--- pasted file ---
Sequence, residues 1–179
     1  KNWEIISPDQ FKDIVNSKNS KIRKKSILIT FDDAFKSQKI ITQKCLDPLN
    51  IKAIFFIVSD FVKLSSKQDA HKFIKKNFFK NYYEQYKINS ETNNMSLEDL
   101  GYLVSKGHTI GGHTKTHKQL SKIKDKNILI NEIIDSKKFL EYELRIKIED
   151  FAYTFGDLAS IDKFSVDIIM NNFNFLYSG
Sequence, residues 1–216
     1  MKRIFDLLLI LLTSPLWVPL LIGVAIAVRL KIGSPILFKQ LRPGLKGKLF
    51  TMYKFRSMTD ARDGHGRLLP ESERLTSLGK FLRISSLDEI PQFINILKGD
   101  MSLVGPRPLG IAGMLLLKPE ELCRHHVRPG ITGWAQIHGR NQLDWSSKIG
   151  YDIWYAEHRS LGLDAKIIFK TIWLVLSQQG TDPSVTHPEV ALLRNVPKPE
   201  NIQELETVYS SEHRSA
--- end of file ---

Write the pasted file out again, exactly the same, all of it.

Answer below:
Sequence, residues 1–179
     1  KNWEIISPDQ FKDIVNSKNS KIRKKSILIT FDDAFKSQKI ITQKCLDPLN
    51  IKAIFFIVSD FVKLSSKQDA HKFIKKNFFK NYYEQYKINS ETNNMSLEDL
   101  GYLVSKGHTI GGHTKTHKQL SKIKDKNILI NEIIDSKKFL EYELRIKIED
   151  FAYTFGDLAS IDKFSVDIIM NNFNFLYSG
Sequence, residues 1–216
     1  MKRIFDLLLI LLTSPLWVPL LIGVAIAVRL KIGSPILFKQ LRPGLKGKLF
    51  TMYKFRSMTD ARDGHGRLLP ESERLTSLGK FLRISSLDEI PQFINILKGD
   101  MSLVGPRPLG IAGMLLLKPE ELCRHHVRPG ITGWAQIHGR NQLDWSSKIG
   151  YDIWYAEHRS LGLDAKIIFK TIWLVLSQQG TDPSVTHPEV ALLRNVPKPE
   201  NIQELETVYS SEHRSA